Tax Deductions Gone in 2018

April 20, 2018
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What standbys did tax reforms eliminate?  

Are the days of itemizing over? Not quite, but now that H.R. 1 (popularly called the Tax Cuts & Jobs Act) is the law, all kinds of itemized federal tax deductions have vanished.  

Early drafts of H.R. 1 left only two itemized deductions in the Internal Revenue Code – one for home loan interest, the other for charitable donations. The final bill left many more standing, but plenty of others fell. Here is a partial list of the itemized deductions unavailable this year.

Moving expenses. Last year, you could deduct such costs if you made a job-related move that had you resettling at least 50 miles away from your previous address. You could even take this deduction without itemizing. Now, only military service members can take this deduction.

Casualty, disaster, and theft losses. This deduction is not totally gone. If you incur such losses during 2018-25 due to a federally declared disaster (that is, the President declares your area a disaster area), you are still eligible to take a federal tax deduction for these personal losses.

Home office use. Employee business expense deductions (such as this one) are now gone from the Internal Revenue Code, which is unfortunate for people who work remotely.

Unreimbursed travel and mileage. Previously, unreimbursed travel expenses related to work started becoming deductible for a taxpayer once his or her total miscellaneous deductions surpassed 2% of adjusted gross income. No more. 

Miscellaneous unreimbursed job expenses. Continuing education costs, union dues, medical tests required by an employer, regulatory and license fees for which an employee was not compensated, out-of-pocket expenses paid by workers for tools, supplies, and uniforms – these were all expenses that were deductible once a taxpayer’s total miscellaneous deductions exceeded 2% of his or her AGI. That does not apply now. 

Job search expenses. Unreimbursed expenses related to a job hunt are no longer deductible. That includes payments for classes and courses taken to improve career or professional knowledge or skills as well as and job search services (such as the premium service offered by LinkedIn).

Subsidized employee parking and transit passes. Last year, there was a corporate deduction for this; a worker could receive as much as $255 monthly from an employer to help pay for bus or rail passes or parking fees linked to a commute. The subsidy did not count as employee income. The absence of the employer deduction could mean such subsidies will be much harder to come by for workers this year.

Home equity loan interest. While the ceiling on the home mortgage interest deduction fell to $750,000 for mortgages taken out starting December 15, 2017, the deduction for home equity loan interest disappears entirely this year with no such grandfathering.

Investment fees and expenses. This deduction has been repealed, and it should also be noted that the cost of investment newsletters and safe deposit boxes fees are no longer deductible.  In some situations, investors may want to deduct these fees from their account balances (i.e., pre-tax savings) rather than pay them by check (after-tax dollars).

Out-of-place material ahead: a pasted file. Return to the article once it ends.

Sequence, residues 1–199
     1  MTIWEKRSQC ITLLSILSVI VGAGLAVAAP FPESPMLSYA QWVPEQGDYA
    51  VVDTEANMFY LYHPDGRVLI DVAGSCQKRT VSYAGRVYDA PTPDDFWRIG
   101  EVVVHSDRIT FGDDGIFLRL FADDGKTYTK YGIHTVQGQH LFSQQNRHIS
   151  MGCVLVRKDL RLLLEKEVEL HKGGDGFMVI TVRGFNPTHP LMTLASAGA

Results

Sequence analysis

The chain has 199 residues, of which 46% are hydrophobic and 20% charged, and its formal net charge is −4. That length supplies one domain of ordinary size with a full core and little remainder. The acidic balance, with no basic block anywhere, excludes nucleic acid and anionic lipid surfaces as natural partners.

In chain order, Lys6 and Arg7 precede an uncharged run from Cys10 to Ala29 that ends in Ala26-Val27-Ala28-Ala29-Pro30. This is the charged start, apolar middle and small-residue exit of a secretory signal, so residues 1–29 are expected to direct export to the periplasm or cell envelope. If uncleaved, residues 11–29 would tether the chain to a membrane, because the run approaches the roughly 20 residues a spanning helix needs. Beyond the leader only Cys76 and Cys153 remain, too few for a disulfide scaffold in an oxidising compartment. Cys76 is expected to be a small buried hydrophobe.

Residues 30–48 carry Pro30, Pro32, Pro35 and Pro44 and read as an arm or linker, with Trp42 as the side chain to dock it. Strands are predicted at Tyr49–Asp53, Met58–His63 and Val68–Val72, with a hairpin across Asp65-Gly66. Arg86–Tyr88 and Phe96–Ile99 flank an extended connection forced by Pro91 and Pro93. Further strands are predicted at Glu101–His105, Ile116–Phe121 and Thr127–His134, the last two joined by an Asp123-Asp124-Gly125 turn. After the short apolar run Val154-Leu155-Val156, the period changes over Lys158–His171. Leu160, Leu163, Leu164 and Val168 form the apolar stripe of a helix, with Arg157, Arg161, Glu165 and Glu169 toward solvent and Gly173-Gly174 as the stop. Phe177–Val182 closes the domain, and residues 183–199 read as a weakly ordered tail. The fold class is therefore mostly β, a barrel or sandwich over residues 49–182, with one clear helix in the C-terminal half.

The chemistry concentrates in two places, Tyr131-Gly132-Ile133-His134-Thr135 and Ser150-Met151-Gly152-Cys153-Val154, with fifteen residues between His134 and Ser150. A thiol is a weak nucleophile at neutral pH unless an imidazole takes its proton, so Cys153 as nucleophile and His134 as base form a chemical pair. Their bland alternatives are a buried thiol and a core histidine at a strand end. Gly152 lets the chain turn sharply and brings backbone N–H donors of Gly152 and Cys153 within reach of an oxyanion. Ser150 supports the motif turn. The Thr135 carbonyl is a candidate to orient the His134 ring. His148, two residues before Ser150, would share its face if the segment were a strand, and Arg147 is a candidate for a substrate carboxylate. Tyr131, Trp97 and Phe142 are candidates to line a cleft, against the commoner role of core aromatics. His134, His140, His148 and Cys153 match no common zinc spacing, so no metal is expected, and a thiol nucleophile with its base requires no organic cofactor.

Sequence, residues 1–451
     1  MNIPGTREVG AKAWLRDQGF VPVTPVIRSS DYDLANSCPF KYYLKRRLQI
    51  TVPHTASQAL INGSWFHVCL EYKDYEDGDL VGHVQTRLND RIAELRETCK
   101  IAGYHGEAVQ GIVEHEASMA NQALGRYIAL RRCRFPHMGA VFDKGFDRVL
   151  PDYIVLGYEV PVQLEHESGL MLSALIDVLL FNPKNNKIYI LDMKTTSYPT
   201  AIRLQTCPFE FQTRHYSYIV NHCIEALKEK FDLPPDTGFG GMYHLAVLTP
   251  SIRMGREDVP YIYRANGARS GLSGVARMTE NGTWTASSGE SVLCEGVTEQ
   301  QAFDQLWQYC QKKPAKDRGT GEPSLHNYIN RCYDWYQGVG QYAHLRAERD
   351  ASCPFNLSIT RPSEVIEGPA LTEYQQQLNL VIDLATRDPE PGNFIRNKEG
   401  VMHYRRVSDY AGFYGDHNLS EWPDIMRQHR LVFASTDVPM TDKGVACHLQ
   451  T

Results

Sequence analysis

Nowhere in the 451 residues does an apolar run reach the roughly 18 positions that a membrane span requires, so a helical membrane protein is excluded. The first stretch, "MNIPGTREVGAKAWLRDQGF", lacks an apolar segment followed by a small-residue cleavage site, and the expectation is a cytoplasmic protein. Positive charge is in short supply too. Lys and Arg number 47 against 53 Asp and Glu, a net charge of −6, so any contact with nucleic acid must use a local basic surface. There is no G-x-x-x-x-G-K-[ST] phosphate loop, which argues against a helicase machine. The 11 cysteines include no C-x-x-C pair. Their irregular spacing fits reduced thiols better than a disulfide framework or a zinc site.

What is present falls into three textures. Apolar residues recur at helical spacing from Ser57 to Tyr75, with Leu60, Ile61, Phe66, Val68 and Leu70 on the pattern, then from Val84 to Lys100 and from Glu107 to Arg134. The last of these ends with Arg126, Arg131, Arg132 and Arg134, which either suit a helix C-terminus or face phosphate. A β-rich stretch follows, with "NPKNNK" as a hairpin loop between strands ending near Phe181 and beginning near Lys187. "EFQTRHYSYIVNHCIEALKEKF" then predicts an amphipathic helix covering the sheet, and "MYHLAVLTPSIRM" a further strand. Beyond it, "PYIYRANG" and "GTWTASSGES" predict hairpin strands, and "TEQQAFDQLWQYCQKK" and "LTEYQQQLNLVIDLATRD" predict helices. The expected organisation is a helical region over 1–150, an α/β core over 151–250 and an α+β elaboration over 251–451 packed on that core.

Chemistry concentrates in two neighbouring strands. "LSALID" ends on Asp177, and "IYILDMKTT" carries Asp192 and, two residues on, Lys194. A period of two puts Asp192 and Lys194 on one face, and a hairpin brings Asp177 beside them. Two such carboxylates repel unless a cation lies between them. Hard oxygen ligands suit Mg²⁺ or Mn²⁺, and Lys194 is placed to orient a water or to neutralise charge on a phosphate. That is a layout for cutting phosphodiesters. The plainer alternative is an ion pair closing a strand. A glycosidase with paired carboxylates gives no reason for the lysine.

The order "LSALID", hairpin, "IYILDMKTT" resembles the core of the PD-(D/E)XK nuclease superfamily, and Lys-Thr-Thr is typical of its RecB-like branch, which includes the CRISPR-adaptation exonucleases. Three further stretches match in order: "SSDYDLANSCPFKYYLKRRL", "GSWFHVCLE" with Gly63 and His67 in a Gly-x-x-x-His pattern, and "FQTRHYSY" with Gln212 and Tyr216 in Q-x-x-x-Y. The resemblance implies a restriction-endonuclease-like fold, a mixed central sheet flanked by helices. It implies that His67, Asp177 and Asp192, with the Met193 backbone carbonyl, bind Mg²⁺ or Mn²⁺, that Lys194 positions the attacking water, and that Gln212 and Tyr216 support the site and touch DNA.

Tax preparation fees. Individual taxpayers are now unable to deduct payments to CPAs, tax prep firms, and tax software companies.

Legal fees. This is something of a gray area: while it appears hourly legal fees and contingent, attorney fees may no longer be deductible this year, other legal expenses may be deductible.

Convenience fees for debit and credit card use for federal tax payments. Have you ever paid your federal taxes this way? If you do this in 2018, such fees cannot be deducted.

An important note for business owners. All the vanished deductions for unreimbursed employee expenses noted above pertain to Schedule A. If you are a sole proprietor and routinely file a Schedule C with your 1040 form, your business-linked deductions are unaltered by the new tax reforms.

An important note for teachers. One miscellaneous unreimbursed job expense deduction was retained amid the wave of reforms: classroom teachers who pay for school supplies out-of-pocket can still claim a deduction of up to $250 for such costs.

The tax reforms aimed to simplify the federal tax code, among other objectives. In addition to eliminating many itemized deductions, the personal exemption is gone. The individual standard deduction, though, has climbed to $12,000. (It is $18,000 for heads of household and $24,000 for married couples filing jointly.) For some taxpayers used to filling out Schedule A, the larger standard deduction may make up for the absence of most itemized deductions.   

At HFG Wealth Management, we embrace a method of financial planning known as Financial Life Planning™. We believe this is a financially effective and personally rewarding approach to creating a practical, lasting financial plan. As financial professionals using the life planning approach, our purpose is to assist individuals and families in creating a long-term vision that is consistent with their core values. At HFG we recognize that life events and life transitions can impact your financial responsibilities and your vision of the future. We are here to provide you with tips and strategies to get you started and help you reach your financial and life goals at every stage. For more information, please visit www.hfgwm.com or call 832.585.0110. 

“The information contain herein is general in nature and may not be suitable for everyone. We encourage you to give us a call, to discuss your specific situation and to help determine the appropriate course of action.”

 

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